The Situation: The term "accredited investor" under the Securities Act of 1933 ("Securities Act") is used to establish the eligibility of investors to participate in offerings conducted under the most frequently used private placement exemptions. The U.S. Securities and Exchange Commission ("SEC") has considered, from time to time over the last several decades, modifying the coverage of the term to incorporate additional categories of individuals and entities.
The Result: The SEC expanded the investor eligibility criteria to qualify as accredited investors and qualified institutional buyers ("QIBs").
Looking Ahead: Additional investors will be able to participate in securities offerings conducted pursuant to Rules 506(b) and 506(c) of Regulation D (including private fund offerings) and in offerings conducted pursuant to Rule 144A.
On August 26, 2020, the SEC adopted a final rule ("Final Rule") that will expand the definitions of "accredited investor" and "qualified institutional buyer" as used in rules promulgated under the Securities Act. The terms establish important qualifications for determining investor eligibility for certain private securities offerings. The Final Rule will amend Rules 215, 501(a), and 144A under the Securities Act effective 60 days after publication of the Final Rule in the Federal Register.
Importantly, the amendments did not include any changes to the income and net worth threshold required for individuals. The income and net worth thresholds for individuals generally are in excess of $200,000 of income per year (or over $300,000, together with their spouse) or a net worth of more than $1 million (excluding the value of their home).
A summary of the notable aspects of the Final Rule is set out below.
"Accredited Investor" Definition
- Professional Certifications and Designations or Other Credentials. The Final Rule adds a category for natural persons to qualify as accredited investors if they hold in good standing certain professional certifications, designations, or other credentials that the SEC may from time to time designate by order. Concurrently with the Final Rule, the SEC issued an order designating Financial Industry Regulatory Authority Series 7 (General Securities Representative), 65 (Investment Adviser Representative), and 82 (Private Securities Offerings Representative) licenses as satisfying the attributes to qualify natural persons holding them in good standing as accredited investors.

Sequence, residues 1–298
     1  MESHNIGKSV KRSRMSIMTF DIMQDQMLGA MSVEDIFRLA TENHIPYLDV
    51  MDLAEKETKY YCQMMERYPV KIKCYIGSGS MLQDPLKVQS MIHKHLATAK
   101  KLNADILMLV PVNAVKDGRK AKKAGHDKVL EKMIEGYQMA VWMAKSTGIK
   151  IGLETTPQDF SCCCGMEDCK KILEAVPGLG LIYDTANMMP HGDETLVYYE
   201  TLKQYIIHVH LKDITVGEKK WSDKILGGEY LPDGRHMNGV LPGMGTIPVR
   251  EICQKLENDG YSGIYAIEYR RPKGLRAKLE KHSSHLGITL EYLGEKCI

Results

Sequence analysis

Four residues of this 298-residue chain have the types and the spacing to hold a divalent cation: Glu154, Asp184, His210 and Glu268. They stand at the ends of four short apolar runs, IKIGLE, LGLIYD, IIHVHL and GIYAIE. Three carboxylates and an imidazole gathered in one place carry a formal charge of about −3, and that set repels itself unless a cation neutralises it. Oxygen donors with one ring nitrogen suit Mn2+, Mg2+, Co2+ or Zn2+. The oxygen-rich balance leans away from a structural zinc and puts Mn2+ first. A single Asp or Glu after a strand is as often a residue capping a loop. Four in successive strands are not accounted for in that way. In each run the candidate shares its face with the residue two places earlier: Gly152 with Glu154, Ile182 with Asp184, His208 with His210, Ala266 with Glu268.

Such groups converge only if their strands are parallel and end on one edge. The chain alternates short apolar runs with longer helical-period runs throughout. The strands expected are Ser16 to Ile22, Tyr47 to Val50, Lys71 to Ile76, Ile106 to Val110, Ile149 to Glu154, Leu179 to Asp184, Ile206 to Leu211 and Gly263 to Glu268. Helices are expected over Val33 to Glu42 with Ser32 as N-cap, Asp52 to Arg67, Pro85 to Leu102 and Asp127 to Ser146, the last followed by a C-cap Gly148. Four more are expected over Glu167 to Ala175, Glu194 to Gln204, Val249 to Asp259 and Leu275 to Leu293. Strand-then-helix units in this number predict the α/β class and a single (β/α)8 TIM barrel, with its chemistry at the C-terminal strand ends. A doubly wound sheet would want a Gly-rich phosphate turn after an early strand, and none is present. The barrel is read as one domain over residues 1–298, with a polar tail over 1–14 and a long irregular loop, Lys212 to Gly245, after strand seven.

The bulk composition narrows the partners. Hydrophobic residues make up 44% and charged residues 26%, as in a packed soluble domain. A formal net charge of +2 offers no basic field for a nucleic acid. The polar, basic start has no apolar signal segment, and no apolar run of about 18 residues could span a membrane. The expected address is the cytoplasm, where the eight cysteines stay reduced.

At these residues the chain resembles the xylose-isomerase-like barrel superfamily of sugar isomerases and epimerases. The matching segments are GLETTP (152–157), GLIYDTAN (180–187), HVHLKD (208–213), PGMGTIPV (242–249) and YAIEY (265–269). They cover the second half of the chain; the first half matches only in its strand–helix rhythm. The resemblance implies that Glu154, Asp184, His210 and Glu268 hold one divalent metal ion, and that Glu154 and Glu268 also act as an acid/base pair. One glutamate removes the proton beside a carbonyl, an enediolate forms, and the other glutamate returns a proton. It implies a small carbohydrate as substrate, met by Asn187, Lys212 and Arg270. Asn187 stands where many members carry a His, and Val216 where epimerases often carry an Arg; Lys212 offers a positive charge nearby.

- Knowledgeable Private Fund Employees. The Final Rule allows persons qualifying as "knowledgeable employees" of a private fund (such as hedge, private equity, and venture capital funds), as defined in Rule 3c-5(a)(4) under the Investment Company Act of 1940, to qualify as accredited investors for investments in the private fund. This new category of accredited investor will generally include executive officers, directors, general partners, or persons in similar capacities and certain fund employees who, in connection with their regular functions, have participated in a fund's investment activities for at least a year.
- Spousal Equivalents. The Final Rule provides that in assessing income requirements for natural persons, joint income from "spousal equivalents" (i.e., a cohabitant in a relationship equivalent to that of a spouse) may be taken into account.